Religion: Latvia is mainly Christian, with Lutheran, Roman Catholic and Russian Orthodox the most popular confessions.
Telephone dialing code: +371. To call from Latvia, dial 00 then the country’s code that you are wanting to dial to.
Emergency numbers: 112 (police and fire), 113 (ambulance).
Payphones: phonecards required, which can be purchased at kiosks, post offices and in some shops.
Mobile Telephones: Good coverage with roaming agreements with many international phone companies.
Internet: Can be accessed in several internet cafes in Riga, and in some other towns.
Transport – Buses: Buses, trams and trolley buses are used in Riga. Plastic smart cards (long-term use) and cardboard tickets are available (www.rigassatiksme.lv).
Transport – Taxis: The price of the taxi service will be shown on the outside of the taxi. Taxis are available directly on the street, from a taxi rank, or by ordering one by phone. Most taxis only accept cash.
Transport – Driving: In most cities and towns in Latvia, on working days from 8:00 am to 8:00 pm, you have to pay for parking in the city centre. The cost for car parking is required in advance, using special parking ticket machines or by sms.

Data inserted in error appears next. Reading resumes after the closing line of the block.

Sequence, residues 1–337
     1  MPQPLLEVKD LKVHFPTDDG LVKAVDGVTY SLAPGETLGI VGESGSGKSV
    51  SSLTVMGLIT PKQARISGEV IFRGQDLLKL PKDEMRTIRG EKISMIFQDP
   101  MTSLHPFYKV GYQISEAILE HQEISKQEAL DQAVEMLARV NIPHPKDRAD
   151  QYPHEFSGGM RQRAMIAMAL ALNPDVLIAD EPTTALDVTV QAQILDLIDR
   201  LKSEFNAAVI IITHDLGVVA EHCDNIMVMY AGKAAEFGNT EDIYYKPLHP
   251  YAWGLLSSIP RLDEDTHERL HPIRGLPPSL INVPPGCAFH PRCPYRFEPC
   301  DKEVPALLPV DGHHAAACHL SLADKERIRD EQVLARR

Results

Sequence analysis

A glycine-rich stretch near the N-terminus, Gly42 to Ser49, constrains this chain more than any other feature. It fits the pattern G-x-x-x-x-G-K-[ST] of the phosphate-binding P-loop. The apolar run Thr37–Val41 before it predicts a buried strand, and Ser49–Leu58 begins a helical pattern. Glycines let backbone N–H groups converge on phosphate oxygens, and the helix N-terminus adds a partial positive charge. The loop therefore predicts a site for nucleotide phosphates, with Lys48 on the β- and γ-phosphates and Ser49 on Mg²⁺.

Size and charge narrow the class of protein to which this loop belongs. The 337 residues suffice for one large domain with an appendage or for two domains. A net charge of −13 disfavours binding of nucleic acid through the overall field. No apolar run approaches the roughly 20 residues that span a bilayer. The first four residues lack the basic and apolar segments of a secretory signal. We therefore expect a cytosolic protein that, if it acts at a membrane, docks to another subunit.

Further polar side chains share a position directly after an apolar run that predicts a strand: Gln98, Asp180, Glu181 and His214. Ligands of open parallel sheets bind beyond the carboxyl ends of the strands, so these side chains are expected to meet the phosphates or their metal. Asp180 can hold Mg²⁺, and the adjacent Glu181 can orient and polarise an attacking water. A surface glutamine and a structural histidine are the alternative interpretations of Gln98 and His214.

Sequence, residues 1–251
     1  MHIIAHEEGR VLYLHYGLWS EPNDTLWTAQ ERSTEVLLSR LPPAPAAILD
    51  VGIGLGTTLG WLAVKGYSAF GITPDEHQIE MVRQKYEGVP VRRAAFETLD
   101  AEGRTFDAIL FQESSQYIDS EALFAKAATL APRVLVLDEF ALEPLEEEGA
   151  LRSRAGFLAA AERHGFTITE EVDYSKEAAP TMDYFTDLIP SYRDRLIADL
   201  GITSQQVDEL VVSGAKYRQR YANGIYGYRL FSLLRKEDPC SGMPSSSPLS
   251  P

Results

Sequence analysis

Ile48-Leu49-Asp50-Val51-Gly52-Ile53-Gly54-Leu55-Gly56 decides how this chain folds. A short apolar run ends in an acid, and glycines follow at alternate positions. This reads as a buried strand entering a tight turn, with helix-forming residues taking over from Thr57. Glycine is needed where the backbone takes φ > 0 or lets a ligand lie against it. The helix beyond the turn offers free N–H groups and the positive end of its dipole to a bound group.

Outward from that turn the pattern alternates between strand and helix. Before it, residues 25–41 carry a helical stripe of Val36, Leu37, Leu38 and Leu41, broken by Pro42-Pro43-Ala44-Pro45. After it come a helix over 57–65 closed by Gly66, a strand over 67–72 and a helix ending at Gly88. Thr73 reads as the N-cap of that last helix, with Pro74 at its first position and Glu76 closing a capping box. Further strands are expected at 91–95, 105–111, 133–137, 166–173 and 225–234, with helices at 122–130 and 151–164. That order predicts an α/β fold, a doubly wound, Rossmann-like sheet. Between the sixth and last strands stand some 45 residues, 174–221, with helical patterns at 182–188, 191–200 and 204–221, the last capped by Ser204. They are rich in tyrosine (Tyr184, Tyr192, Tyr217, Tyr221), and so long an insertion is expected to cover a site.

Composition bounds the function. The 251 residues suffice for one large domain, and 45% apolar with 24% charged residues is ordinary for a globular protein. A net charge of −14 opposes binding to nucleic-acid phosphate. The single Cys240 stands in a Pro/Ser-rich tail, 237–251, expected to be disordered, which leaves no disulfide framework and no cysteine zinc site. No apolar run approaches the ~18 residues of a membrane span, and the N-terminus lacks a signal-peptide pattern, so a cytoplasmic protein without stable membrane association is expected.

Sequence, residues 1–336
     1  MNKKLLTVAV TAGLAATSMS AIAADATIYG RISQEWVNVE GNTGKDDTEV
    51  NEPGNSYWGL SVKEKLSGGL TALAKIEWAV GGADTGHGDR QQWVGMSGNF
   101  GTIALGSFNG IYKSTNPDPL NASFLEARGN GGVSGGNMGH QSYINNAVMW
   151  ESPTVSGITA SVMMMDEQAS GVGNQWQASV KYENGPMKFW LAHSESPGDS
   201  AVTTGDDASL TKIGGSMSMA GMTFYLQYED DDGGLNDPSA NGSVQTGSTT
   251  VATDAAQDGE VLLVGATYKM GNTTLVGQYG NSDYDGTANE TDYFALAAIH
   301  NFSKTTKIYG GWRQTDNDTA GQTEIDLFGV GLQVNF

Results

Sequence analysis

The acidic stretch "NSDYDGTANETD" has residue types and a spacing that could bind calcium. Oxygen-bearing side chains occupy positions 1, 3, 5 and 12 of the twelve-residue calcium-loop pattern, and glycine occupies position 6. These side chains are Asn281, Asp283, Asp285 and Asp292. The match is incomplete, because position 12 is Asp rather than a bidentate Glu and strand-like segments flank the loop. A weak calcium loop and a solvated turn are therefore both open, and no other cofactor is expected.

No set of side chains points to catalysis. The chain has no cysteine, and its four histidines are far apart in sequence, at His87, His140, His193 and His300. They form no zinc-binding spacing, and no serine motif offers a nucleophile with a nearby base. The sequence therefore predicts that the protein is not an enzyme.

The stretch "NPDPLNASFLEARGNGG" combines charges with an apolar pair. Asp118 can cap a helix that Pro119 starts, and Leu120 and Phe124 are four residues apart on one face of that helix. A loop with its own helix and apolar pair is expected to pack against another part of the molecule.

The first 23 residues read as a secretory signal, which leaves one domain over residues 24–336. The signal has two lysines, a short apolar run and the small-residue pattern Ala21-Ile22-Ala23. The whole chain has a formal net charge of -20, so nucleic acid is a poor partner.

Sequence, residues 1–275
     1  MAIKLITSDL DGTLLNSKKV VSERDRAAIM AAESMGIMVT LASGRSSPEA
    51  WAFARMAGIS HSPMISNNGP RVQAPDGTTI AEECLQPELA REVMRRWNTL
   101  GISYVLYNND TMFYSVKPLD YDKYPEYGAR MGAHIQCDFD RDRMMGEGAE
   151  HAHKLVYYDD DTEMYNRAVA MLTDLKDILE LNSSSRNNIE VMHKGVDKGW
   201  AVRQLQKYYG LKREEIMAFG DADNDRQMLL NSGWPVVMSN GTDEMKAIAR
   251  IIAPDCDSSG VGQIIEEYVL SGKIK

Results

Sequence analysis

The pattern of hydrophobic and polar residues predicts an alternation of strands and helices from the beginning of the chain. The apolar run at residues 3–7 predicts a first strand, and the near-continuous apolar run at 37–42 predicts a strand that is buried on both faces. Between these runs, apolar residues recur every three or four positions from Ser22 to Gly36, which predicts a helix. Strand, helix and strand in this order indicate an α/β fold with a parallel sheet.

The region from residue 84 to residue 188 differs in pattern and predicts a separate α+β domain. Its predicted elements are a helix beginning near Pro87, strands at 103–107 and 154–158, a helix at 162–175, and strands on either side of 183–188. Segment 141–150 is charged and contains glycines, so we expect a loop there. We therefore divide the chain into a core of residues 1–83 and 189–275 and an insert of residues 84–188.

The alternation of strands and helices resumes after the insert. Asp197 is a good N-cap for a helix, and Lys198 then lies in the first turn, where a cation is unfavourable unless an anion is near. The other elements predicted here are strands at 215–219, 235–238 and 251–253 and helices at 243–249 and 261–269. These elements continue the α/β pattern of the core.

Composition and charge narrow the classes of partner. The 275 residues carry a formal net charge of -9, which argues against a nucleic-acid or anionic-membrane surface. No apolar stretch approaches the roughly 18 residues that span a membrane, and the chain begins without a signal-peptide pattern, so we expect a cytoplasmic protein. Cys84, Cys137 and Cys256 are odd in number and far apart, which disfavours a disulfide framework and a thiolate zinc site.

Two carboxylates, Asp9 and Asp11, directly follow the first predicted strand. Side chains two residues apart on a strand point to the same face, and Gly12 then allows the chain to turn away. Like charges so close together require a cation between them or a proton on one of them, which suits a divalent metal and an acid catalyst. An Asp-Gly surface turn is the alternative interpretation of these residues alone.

Other points to note:
- Drive on the right-hand side of the road.
- A valid driver’s license is required
- Speed limits are usually 50 kph in cities and 90 kph on highways.
- Blood alcohol limit is 0.2-0.5 promiles.
- Headlights must be on and used at all times, day and night.
- Seatbelts are obligatory for drivers and passengers.
Water: Tap water is safe to drink, however, most locals prefer to boil it before drinking.
Shopping: Latvia is known for its amber, smoked (black) ceramics, silver jewellery, mittens, black (rye) bread, Riga Black Balsam herbal liqueur (Melnais Balzams) and Laima chocolates.
Cuisine: Latvian food has Nordic, Russian and German influences. It tends to be rather fat and rich, with main courses often consisting of potatoes, porridges, pancakes, and soups. Smoked bacon, sausage, other pork products are also favourites, as well as smoked and raw fish.
Try the following:
- Maize Zupa(sweet soup made from rye bread)
- BiesuZupa (red beetroot soup)
- Kotletes(meatballs served with potatoes)
- Piragi(bacon and onion wrapped in a thin yeast dough)
- Siļķear biezpienu (herring served with cottage cheese)
- Commorgan-wieders(braised chuck, ground with celery, onions and wrapped in a crepe and resauteed)
- Skabetikaposti (sauerkraut)
- BiezpienaSierins (curd snack made from milk)
Alcohol Consumption: Alcohol can be purchased from age 18 and over. Note, it is prohibited to be drink form an open bottle in the street.
Smoking: Prohibited in most public buildings and also in parks, squares and beached, except if the places are specially designated for smoking.
Tipping: 10% is acceptable in restaurants and cafes, unless the service has already been included in the bill. Tipping is often given, but is not obligatory, to hotel service staff, taxi cab drivers, and hairdressers.
Vaccinations: Forest ticks can be an issue from May to September, and has the risk of tick-born encephalitis.